Seven sins of memory

[Added June 2001]
I am reading a book by Daniel L. Schacter on memory(Searching for Memory: The Brain, the Mind, and the Past) and by searching online
about his work I have discovered that his last book is about the
“Seven sins of memory”. By the way,the book I am reading is really a magnificent book written by a researcher in the field. So I am looking forward to read
this new book. From an online search the seven sins summarize the
failings of our memory:

We don’t remember something because

  1. We have forgotten it over time.This is the natural process of forgetting,which
    is present also for well coded material.

  2. We didn’t pay sufficient attention at the time of encoding:where are my glasses?
  3. The material is temporarily inaccessible.This is a retrieval failure .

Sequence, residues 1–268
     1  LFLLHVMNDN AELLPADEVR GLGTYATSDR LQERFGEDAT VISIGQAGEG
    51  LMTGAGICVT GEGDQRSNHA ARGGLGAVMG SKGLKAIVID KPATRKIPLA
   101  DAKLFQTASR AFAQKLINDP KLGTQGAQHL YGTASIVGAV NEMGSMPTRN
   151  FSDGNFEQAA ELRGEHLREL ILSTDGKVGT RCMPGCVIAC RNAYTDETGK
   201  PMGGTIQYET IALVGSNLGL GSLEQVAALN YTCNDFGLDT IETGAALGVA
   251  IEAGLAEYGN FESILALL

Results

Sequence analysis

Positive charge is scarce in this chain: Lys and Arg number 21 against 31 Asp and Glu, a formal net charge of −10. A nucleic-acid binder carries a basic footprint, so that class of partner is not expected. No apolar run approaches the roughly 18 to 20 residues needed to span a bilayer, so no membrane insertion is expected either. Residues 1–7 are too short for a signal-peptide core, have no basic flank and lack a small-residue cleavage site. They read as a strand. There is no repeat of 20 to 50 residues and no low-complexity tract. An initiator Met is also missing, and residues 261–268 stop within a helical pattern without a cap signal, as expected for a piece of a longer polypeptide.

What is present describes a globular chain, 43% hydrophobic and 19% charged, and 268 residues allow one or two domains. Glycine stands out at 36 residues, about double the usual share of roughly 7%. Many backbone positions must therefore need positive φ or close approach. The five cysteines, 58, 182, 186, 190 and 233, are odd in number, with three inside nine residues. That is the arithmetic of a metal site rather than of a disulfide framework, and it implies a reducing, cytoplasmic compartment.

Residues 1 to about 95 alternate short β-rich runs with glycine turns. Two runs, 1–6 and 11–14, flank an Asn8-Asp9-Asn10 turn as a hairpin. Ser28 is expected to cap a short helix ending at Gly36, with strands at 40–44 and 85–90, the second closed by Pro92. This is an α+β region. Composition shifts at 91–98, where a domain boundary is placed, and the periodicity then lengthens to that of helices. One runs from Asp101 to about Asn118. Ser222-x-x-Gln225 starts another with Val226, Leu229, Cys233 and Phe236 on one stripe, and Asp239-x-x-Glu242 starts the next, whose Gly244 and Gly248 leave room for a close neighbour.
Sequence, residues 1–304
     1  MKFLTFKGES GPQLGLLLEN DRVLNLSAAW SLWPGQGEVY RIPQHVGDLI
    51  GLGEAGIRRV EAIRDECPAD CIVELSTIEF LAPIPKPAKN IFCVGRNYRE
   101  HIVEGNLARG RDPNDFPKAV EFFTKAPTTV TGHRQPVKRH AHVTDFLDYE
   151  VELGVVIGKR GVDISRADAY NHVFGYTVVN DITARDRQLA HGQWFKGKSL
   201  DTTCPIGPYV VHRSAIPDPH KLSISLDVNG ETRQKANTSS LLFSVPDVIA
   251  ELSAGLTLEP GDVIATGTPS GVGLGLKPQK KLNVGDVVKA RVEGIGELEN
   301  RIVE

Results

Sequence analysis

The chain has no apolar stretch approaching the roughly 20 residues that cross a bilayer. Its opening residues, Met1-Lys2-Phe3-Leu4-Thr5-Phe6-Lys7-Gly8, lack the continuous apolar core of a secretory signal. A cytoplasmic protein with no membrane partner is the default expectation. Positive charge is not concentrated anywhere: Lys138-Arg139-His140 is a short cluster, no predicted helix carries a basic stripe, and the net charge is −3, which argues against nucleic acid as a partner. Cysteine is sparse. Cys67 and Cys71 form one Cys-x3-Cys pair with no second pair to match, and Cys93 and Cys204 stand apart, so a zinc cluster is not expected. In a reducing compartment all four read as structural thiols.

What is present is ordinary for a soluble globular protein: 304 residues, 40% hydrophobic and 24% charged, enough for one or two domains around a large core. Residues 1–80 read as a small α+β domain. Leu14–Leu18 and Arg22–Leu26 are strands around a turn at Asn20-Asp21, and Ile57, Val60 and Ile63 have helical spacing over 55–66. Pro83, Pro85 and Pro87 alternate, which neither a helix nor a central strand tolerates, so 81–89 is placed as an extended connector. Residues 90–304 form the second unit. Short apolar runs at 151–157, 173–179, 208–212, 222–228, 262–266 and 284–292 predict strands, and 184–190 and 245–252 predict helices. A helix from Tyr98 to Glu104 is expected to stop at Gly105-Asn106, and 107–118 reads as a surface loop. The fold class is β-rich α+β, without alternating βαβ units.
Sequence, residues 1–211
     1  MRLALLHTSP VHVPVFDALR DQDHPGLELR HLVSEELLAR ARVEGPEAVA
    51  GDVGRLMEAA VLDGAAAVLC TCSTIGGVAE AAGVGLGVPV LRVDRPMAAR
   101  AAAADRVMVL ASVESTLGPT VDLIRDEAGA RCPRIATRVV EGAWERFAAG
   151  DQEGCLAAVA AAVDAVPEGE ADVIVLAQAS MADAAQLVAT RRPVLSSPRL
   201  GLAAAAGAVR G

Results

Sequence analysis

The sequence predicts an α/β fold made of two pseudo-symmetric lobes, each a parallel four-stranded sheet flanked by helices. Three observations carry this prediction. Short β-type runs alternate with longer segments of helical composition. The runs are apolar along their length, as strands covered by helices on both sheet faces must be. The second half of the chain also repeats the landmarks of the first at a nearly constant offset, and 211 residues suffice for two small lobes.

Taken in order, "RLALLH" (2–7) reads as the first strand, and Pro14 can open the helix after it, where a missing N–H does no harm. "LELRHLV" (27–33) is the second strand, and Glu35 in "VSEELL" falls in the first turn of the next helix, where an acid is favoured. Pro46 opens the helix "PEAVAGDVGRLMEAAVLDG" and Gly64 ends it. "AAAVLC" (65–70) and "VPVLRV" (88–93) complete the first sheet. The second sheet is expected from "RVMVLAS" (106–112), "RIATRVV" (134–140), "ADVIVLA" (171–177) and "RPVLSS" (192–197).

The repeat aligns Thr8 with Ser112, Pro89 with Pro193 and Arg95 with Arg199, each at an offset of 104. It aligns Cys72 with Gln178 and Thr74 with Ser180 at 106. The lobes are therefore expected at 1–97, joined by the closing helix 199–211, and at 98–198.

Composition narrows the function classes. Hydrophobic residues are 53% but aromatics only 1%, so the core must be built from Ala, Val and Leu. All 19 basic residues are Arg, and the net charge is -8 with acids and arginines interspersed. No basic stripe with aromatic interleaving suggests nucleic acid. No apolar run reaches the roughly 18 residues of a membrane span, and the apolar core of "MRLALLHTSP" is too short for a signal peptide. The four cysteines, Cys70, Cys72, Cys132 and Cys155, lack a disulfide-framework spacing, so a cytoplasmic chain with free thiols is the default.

This seems to be caused by retrieval of similar items that interfere with
    access to the material.This is the well known tip-of-tongue phenomenon.

We remember something inexistent or in a distorted way:

  1. Attributing an item to an incorrect source.Recalling events that never happened(false memories).
  2. The recall is distorted by information provided by others.
  3. The recall is distorted by present knowledge

We have unwanted memories

  1. Remembering a fact that one would prefer to forget:for example depressed people tend to remember negative events.A trauma produces some physiological changes in the brain that results in the persistence of the memories of the traumatic experience.